To Kill A Mockingbird - Effects of Racism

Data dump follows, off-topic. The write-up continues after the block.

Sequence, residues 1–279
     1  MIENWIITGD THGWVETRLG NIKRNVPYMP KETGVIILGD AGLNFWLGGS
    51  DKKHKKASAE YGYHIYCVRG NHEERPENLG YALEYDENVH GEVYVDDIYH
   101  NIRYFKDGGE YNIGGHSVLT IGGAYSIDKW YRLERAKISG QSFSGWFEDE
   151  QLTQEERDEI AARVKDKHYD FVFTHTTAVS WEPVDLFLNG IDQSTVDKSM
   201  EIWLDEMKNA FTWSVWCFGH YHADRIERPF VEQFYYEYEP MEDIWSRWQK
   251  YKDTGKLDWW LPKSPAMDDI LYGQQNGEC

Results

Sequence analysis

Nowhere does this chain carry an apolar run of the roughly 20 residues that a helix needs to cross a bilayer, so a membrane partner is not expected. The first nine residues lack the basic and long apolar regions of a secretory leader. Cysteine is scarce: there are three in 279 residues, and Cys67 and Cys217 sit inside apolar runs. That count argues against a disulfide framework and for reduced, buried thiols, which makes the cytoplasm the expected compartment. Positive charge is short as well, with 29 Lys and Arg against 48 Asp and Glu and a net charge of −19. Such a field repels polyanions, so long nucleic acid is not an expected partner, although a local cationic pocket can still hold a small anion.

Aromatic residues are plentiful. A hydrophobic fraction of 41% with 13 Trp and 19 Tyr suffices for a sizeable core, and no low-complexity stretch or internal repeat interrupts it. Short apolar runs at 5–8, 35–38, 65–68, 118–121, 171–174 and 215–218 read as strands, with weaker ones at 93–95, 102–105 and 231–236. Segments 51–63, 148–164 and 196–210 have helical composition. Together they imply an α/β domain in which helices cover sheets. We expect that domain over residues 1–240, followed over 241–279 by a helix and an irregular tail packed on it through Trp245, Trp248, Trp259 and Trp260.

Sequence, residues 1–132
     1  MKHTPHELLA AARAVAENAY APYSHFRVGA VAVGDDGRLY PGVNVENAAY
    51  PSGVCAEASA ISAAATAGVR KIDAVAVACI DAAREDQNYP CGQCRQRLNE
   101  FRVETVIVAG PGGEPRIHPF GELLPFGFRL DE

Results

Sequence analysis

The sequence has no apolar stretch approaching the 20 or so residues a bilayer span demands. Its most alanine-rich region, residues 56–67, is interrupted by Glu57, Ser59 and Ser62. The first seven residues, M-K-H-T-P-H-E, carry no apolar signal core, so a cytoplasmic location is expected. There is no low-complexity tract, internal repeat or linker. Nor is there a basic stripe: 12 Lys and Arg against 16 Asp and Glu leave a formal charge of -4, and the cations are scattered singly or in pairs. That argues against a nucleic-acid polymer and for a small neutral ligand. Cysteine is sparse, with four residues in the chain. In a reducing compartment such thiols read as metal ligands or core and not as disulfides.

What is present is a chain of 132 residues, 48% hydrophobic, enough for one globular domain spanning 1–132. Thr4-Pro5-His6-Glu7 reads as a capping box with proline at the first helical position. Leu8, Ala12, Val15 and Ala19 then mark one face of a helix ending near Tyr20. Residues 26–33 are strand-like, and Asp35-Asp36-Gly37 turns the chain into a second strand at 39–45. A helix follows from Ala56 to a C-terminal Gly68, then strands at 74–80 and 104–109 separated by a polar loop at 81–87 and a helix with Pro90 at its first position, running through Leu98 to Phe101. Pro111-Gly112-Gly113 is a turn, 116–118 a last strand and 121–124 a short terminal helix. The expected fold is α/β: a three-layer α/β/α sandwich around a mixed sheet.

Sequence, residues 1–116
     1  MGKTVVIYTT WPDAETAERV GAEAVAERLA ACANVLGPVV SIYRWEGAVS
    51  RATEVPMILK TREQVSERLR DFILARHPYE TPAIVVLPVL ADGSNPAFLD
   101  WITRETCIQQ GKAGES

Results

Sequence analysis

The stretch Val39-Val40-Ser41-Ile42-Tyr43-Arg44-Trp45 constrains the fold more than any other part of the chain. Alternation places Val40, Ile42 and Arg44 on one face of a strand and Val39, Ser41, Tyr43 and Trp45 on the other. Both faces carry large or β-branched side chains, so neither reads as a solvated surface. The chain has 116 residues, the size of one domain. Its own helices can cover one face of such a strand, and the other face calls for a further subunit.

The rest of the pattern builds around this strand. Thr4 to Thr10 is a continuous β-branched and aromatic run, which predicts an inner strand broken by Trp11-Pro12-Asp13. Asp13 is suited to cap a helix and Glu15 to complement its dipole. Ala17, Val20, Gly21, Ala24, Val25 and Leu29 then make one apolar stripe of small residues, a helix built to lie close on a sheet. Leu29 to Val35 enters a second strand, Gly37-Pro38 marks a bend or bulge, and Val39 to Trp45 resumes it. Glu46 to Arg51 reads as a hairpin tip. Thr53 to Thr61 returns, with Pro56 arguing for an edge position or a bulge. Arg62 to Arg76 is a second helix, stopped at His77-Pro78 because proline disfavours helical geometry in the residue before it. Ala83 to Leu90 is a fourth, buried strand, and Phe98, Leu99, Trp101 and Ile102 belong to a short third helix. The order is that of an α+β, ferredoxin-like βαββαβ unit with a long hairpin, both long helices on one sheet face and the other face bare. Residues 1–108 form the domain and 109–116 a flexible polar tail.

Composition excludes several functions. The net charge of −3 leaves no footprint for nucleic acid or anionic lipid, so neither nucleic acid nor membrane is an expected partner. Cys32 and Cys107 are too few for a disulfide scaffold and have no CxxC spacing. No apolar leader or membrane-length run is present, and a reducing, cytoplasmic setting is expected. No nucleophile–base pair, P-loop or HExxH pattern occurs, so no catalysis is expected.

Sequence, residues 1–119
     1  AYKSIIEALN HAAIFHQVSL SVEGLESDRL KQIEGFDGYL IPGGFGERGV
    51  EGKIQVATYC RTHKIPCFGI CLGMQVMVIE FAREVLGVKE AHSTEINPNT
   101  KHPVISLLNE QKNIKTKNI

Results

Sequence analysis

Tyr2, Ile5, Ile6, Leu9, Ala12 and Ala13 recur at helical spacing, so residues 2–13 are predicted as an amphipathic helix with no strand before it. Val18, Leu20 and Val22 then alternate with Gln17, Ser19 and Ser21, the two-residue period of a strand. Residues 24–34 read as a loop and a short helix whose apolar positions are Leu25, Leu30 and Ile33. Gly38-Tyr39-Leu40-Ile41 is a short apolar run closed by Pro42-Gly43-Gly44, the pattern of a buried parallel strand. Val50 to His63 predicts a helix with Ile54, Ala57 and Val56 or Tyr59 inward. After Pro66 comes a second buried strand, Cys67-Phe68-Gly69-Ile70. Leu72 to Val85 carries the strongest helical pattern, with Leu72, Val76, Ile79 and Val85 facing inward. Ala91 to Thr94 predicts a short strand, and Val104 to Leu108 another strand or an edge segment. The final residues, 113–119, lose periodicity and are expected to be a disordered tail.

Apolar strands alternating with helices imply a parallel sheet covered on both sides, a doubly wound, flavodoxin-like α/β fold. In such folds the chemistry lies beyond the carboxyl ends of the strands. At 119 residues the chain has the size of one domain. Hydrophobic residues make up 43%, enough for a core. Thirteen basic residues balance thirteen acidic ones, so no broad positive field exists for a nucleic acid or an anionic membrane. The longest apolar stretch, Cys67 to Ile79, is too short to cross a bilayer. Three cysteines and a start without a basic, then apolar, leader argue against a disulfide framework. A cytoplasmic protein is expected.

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When Harper Lee’s To Kill a Mockingbird was first published in 1960, it was instantly a success. The story takes place in Maycomb, Alabama, a very racist community. It is told from six-year-old Jean Louise “Scout” Finch’s point of view. Through her young, innocent eyes she sees the effects racism has on everyone in the town, whether they are black or white. Everybody in Maycomb county is affected by racism in one way or another; however there are three people who are particularly affected by it. Calpurnia, the black maid in the Finch residence, must lead two separate lives, one with black people and one with whites; they can never inter-mingle. Mister Dolphus Raymond is suppressed into pretending to be a drunk because he is a white man who marries a black woman, and has interracial children. Tom Robinson must suffer the most, he is seen as guilty for a crime he does not commit and sentenced to death, all because of the jury’s prejudice towards black people. Indeed, everyone in Maycomb County, whether they are black or white, is affected by racism, and sometimes all it takes to see it is a child. Calpurnia, the black maid in the Finch residence, has been greatly affected by racism. She must speak differently around white people than she does with black people because “It’s not necessary to tell all you know. It’s not ladylike…” (Lee, 126). White people have a greater education than black people, so Calpurnia must speak more distinctly while she works for the Finches. When she is at home in the black community she must use improper grammar because she does not wish to boast her higher education. Calpurnia is also affected by Aunt Alexandra’s almost constant prejudice, as Alexandra attempts to dismiss Calpurnia from her daily chores. Aunt Alexandra then tries to distract from her racist actions simply by saying the family “… [doesn’t] need her now.” (Lee,
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